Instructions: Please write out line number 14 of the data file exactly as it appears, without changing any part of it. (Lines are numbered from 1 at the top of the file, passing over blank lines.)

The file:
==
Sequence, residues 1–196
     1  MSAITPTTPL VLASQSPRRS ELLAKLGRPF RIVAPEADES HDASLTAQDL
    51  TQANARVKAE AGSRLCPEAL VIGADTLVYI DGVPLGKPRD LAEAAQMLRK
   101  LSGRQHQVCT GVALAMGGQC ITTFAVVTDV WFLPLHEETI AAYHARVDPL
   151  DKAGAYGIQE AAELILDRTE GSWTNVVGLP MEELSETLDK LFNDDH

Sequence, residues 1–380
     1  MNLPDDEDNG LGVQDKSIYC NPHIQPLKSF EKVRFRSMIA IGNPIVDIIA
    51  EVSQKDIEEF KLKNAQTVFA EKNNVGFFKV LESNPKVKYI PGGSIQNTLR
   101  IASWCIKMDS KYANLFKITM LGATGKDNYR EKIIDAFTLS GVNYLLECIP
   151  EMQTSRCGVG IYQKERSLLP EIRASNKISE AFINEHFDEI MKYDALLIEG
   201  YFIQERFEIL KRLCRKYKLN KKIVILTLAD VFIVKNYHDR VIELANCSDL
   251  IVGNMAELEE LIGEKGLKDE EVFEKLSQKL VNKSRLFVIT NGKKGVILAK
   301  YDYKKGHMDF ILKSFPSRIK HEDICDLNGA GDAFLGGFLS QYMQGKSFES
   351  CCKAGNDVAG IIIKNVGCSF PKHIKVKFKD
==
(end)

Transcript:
   351  CCKAGNDVAG IIIKNVGCSF PKHIKVKFKD